An Inside Look at the #BestWeekEver: Day 4 of Camp!

[The following is part four of a five-part series of live-from-camp updates written in August 2023 by Experience Camps founder and CEO Sara Deren. We’re excited to share the camp experience with you.]


“Broken things can be healed. It’s just going to look a little different.” – Brie Overton

We have officially crossed the midway point in the week, and it feels like we’ve really hit our stride. In these few short days, campers have learned their way around camp, they know the sleeping habits of their bunkmates, and they can anticipate the sequence of the day. The people and place have become familiar, and the disorientation that comes with new beginnings has faded.

This is especially true when it comes to grief activities. Coming into camp, there is a lot of anxiety about the prospect of opening up to strangers. Throughout the week, we create a space for sharing and processing grief and then gently invite our campers to step into it. Today’s clinical activity was perhaps a less gentle version than others.

Smashing plates, building resilience

Campers were each given a ceramic plate and a box of markers and asked to write or draw the feelings about grief that are hard to talk about. What does your grief feel like? How did it feel when you found out your person died? How does it make you feel when someone says the wrong thing? Campers got to work drawing, and within minutes many of their plates were covered in words. There were so many feelings…and so much pain that kept pouring out of them.

A child at grief camp decorates feelings plate

Then they were asked to flip their plates over and write down the hurtful things that people say. When asked to share some examples out loud, a lot of hands went up.

“Why are you still sad?”
“They’re in a better place now.”
“She would want you to be happy.”
“I’m sorry.”
“Man up.”

The camper sitting next to me had a younger brother who died. She wrote down, “You were nine when it happened.” I asked her what that meant and she explained, “Well, I’m ten now, so people say I should get over it.”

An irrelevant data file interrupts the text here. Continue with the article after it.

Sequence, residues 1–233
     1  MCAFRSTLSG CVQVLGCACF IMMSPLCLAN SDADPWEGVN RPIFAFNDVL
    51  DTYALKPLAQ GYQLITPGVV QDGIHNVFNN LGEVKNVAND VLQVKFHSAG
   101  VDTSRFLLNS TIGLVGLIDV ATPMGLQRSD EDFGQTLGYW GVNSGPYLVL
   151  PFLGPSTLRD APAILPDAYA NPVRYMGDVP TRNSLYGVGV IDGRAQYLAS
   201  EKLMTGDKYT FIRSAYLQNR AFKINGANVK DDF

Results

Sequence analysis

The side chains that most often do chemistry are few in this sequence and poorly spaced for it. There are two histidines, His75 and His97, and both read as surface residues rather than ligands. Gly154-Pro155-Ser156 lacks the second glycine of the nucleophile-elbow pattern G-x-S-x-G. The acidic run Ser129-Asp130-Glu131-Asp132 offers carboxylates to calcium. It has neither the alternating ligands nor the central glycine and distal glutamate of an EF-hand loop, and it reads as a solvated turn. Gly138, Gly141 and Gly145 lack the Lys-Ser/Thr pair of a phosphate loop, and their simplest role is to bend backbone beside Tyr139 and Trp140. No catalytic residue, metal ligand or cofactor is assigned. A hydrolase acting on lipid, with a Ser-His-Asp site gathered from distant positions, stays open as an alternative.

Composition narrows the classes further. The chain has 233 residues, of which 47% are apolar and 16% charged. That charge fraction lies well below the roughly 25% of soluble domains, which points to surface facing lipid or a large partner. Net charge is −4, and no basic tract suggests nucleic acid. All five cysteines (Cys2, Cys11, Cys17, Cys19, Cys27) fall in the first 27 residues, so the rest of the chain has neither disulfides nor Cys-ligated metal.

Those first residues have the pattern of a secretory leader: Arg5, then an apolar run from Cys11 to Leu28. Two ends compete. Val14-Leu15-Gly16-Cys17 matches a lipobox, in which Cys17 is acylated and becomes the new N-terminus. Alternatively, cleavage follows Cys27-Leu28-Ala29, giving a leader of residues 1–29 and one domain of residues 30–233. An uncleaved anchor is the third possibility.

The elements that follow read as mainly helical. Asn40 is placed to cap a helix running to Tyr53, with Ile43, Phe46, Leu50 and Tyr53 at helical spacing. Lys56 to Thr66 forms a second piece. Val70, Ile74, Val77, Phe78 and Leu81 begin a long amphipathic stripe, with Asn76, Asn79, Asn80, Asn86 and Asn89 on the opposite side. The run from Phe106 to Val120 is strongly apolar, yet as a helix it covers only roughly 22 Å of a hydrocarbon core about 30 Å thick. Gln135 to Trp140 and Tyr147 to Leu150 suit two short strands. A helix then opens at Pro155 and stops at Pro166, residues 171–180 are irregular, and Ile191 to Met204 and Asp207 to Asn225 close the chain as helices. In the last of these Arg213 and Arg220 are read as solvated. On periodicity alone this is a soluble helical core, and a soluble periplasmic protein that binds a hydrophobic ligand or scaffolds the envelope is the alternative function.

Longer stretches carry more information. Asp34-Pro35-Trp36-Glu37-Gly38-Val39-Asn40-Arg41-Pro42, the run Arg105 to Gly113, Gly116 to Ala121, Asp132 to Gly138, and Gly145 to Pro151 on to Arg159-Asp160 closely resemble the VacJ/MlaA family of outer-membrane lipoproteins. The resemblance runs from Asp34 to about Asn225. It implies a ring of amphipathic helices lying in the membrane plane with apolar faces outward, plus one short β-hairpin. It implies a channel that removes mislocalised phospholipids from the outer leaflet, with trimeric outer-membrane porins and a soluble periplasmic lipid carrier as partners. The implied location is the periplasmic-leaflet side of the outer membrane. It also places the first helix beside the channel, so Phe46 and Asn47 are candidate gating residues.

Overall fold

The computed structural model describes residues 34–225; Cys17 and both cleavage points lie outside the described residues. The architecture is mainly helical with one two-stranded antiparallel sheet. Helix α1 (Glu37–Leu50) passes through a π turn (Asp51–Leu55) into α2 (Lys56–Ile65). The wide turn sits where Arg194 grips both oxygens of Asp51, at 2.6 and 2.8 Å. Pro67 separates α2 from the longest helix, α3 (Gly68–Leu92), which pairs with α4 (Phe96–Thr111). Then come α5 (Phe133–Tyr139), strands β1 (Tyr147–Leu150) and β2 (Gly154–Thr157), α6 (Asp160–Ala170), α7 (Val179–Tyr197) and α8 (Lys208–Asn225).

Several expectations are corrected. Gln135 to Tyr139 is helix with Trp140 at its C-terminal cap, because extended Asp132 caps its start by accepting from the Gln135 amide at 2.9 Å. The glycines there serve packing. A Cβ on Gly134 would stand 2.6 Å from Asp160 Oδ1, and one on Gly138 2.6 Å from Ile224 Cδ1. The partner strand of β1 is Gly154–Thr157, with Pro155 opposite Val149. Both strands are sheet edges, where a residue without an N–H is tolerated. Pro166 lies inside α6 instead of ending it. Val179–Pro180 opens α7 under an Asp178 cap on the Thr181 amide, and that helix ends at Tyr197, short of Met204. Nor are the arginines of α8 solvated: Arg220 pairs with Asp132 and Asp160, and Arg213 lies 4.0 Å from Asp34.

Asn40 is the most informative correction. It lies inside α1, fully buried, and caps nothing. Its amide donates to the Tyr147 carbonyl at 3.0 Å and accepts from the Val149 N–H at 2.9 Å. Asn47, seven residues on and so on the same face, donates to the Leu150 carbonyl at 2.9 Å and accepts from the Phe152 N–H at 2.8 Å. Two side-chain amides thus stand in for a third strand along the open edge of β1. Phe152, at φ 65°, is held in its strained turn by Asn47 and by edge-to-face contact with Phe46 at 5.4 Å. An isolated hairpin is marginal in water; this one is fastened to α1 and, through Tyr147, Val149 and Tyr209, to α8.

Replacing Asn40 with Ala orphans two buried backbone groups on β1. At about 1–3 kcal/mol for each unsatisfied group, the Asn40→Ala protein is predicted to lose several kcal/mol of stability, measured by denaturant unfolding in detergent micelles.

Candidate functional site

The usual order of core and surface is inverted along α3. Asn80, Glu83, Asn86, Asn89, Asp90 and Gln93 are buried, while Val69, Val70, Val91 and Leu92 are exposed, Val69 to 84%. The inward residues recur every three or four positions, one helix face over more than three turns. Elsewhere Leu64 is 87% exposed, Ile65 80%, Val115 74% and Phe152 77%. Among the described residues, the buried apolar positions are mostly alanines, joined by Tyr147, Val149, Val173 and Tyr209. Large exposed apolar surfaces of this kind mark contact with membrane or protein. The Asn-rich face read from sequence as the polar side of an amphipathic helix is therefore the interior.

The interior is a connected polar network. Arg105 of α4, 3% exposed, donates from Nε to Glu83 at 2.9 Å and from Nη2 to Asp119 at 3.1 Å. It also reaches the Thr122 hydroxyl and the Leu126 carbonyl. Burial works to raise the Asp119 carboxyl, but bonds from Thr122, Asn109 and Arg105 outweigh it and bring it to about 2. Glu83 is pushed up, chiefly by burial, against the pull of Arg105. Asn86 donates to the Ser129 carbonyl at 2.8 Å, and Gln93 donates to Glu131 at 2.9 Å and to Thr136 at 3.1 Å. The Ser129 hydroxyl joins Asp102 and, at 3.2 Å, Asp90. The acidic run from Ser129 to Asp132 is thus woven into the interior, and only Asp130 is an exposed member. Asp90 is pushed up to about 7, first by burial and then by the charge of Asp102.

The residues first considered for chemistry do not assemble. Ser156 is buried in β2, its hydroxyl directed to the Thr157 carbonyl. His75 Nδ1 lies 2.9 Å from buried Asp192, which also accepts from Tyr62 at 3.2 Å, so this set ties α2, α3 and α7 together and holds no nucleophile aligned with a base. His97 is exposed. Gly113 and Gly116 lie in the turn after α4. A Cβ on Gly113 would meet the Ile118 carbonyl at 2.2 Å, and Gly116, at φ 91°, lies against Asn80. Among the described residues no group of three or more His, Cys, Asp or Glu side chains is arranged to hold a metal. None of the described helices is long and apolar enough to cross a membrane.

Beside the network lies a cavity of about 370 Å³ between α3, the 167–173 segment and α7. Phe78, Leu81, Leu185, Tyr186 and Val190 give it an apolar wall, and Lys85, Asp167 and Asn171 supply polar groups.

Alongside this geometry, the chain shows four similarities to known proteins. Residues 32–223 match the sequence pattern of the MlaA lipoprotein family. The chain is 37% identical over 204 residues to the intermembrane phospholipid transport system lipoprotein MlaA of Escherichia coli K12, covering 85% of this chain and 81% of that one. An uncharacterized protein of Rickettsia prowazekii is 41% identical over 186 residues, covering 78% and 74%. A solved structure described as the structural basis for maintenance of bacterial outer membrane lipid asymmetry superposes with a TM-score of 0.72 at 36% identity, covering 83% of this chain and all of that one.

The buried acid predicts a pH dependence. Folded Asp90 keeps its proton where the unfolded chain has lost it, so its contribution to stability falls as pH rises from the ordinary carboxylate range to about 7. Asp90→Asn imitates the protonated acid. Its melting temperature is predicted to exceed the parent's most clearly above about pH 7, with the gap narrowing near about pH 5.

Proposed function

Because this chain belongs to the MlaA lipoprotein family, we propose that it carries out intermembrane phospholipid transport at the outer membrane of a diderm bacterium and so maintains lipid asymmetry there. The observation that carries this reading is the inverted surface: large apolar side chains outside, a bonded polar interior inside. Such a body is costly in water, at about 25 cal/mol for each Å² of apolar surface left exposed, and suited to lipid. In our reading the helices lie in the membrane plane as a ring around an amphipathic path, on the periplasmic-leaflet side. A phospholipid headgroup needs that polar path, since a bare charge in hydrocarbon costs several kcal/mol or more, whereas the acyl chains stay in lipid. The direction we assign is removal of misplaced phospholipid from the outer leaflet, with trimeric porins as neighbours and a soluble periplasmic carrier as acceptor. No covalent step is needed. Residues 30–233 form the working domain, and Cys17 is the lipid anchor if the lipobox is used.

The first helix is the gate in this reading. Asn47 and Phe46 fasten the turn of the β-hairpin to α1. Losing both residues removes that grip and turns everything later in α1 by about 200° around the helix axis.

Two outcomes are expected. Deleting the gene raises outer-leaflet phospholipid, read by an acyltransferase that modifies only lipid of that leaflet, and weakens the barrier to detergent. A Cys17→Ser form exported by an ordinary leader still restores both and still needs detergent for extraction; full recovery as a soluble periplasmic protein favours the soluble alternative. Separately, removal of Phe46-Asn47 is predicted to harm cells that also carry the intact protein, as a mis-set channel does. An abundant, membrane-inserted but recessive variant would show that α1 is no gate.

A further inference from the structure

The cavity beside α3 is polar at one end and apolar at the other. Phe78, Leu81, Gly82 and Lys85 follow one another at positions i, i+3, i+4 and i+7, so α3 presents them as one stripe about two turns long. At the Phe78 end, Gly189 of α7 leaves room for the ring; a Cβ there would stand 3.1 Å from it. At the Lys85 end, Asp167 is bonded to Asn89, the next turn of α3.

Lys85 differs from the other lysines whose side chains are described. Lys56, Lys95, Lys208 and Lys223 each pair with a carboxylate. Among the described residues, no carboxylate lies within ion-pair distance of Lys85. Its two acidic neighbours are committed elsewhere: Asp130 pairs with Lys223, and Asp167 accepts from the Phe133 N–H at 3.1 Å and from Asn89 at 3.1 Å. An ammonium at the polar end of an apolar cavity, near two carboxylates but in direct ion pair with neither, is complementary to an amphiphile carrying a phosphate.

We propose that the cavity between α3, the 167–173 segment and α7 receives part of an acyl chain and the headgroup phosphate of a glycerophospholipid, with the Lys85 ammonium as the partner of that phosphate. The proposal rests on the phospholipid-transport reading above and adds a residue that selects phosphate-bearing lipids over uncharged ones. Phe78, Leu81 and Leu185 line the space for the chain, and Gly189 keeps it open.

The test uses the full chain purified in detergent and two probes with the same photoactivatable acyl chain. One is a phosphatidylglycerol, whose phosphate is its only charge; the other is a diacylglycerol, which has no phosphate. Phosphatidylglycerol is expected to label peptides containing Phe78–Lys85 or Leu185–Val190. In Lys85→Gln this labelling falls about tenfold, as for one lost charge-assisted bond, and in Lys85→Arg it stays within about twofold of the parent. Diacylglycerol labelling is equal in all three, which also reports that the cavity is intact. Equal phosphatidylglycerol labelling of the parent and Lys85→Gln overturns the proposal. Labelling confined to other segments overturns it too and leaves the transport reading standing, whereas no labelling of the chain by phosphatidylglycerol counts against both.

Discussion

Once they were finished, they Ziploc-bagged the plates, held them up above their heads, and with a ferocious yell, smashed their plates on the ground. The symbolism of obliterating that pain may seem obvious, but what happened next was not.

Girl throws her plate of feelings in anger

Putting the pieces back together

Counselors scooped up the bags of broken pieces and brought them back up to the porch, where our Clinical Directors, Brie and Karen, walked the campers through what had just happened to their plates.

First, they were smashed into a lot of pieces. Then, our counselors helped us scoop them back up. They supported us. Now, we’re going to put them back together. It’s not going to look the same. There will be some sharp edges and it won’t fit together the same way it once did. But your pieces will be mixed with other pieces, and the newly-formed shape will be something beautiful.

Then each person chose two of their broken pieces, and together with a bowl of modge podge, they arranged their feelings into a mosaic representing their collective grief, their camp community, and their healing.

Plate pieces with feelings glued together in grief camp activity

The rest of the day included camp classics like Capture the Flag and a College League sports loop, followed by the much-anticipated Talent Show later tonight. This is one of my favorite camp activities, as we define “talent” very broadly here and you never know what unique skills we’ll discover.

More on that tomorrow — our last full day of camp.





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